Top 5 Ways to Incorporate Kettlebells into Your Workout
“Kettlebells” are more than just the name of an unnecessary & obnoxious invention I created to let you know your tea is ready (my Kickstarter campaign is totally going to take off… you watch!). They are also fun little molded balls of weight perfect for incorporating functionality into your fitness routine anytime, anywhere. Kettlebells can strengthen your joints, improve your mobility & range of motion, enhance your cardiovascular health, provide a variety of training muscle stimuli, encourage a fun new way to view your fitness, and mimic everyday movements whilst reducing potential for injury. From warm-up to full routine and transitional exercises in-between there truly is no limit to what these weighted wonders can do for you! Let us count the ways, shall we? Well, at least 5 of those ways.
1. Work Them into Your Warm-Up
Kettlebells are great for getting your blood flowing and posture aligned as well as your joints, tendons, and ligaments juiced up for whatever activity you’ve got planned. If you’re uninitiated, then there are 4 movements that come to mind that would be perfect for you to check out and start with:
- Slingshots – These are great for warming up your shoulder mobility and cuing your core to get ready for work. You simply keep your arms extended while you swing a kettlebell around your body with an easy momentum swing up to shoulder height every front rotation. Rep Count: 10-20 (both directions)
- “Hand Cuff” Good Mornings – This movement takes away a lot of lower back stress traditional “good mornings” can cause while keeping your shoulders roll back and spine delightfully straight. These are also amazing for warming up your back, hips, and glutes for some of the bigger movements kettlebells have to offer (which you’ll read more about when we get to the conditioning portion of this thang). Just hold the kettlebell behind you and maintain this position as you lean forward as far as you’re comfortable. Stand back up with an emphasis on keeping your core tight and repeat! Rep count: 8-12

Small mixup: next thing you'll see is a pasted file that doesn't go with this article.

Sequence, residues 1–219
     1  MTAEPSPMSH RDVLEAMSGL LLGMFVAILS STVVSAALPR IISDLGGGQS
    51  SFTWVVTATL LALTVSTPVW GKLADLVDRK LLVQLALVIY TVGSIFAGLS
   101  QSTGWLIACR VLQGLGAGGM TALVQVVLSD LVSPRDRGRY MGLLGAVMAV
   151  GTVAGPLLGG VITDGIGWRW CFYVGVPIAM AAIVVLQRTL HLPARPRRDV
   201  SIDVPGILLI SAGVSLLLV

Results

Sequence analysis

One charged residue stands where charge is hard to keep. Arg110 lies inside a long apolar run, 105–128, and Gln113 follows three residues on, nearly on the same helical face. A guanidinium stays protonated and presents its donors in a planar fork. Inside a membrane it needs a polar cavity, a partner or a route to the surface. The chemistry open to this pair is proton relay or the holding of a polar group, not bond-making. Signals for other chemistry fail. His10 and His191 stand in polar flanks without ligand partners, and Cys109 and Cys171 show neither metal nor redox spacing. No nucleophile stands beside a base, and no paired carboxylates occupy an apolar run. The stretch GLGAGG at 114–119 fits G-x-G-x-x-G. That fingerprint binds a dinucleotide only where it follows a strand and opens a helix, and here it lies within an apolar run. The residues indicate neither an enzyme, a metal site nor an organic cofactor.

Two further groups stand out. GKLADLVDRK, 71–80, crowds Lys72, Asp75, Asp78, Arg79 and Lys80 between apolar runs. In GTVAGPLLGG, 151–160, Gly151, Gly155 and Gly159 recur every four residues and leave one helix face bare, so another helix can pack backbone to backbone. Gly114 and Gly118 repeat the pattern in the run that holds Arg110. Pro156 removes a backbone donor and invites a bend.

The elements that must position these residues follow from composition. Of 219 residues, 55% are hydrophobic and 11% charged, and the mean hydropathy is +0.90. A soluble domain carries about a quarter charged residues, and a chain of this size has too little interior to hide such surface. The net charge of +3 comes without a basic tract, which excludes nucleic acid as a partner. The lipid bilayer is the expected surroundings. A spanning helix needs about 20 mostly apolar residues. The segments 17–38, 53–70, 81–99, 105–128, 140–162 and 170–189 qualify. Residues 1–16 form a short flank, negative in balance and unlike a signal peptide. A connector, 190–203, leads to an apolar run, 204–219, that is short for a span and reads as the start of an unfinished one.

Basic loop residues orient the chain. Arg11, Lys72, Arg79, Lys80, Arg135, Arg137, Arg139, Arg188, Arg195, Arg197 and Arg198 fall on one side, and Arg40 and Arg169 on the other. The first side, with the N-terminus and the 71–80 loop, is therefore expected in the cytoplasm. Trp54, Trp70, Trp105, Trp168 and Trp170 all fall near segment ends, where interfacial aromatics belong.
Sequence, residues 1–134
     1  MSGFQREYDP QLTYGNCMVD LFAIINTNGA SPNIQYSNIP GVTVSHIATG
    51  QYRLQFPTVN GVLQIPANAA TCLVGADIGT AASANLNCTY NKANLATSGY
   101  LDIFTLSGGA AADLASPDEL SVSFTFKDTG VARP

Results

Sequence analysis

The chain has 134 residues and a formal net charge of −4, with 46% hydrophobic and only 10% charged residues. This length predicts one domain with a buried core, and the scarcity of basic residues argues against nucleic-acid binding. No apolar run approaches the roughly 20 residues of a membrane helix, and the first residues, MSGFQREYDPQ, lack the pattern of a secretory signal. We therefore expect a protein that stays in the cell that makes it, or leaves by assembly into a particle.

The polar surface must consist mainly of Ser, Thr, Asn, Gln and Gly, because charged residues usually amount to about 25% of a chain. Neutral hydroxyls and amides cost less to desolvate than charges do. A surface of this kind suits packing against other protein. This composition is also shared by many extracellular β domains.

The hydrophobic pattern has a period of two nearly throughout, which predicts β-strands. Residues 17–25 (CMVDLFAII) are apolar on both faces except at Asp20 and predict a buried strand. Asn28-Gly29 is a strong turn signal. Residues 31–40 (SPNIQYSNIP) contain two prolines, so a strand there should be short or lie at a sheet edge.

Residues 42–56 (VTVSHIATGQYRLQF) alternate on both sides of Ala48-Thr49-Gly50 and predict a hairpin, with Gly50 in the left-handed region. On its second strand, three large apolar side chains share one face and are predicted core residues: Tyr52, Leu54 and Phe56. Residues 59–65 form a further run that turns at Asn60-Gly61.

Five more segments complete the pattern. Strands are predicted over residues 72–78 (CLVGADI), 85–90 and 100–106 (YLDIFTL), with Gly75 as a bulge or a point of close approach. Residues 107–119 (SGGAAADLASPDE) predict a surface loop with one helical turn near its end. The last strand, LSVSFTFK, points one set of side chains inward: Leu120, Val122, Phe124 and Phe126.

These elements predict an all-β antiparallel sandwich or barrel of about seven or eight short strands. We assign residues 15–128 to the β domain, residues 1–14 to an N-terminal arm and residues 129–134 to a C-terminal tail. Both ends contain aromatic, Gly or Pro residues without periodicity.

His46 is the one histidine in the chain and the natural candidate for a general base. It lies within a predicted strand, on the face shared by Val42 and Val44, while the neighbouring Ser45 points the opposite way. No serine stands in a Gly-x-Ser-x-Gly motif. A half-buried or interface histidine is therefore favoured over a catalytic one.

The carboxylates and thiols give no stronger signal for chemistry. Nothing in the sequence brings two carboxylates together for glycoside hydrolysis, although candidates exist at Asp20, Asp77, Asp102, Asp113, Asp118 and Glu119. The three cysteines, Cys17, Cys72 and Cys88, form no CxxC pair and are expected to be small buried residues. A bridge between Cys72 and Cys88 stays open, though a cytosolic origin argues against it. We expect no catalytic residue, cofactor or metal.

- Turkish Get Ups – If you’re looking to mimic a motion we all do every single day, only harder then look no further than the Turkish get up. You are literally laying down while holding up a kettlebell and then getting into standing position before laying back down the same way you got up… all while keeping the kettlebell elevated. It covers all planes of movement, engages every fiber in your body, and has a bit of a “fun” factor since you have some much to focus on! Rep count: 5-10 (each arm)
- Windmills – Similar to the Turkish get up only you get to stay standing while highlighting your lateral movement. Keep the kettlebell elevated with 1 arm while hinging at the waist sideways in an attempt to touch the outside of your ankle with your other arm (only go down as far as able). Look up towards the kettlebell at the bottom end of the motion and straight forward at the top end. Rep count: 5-10 (each side)
2. Find the Balance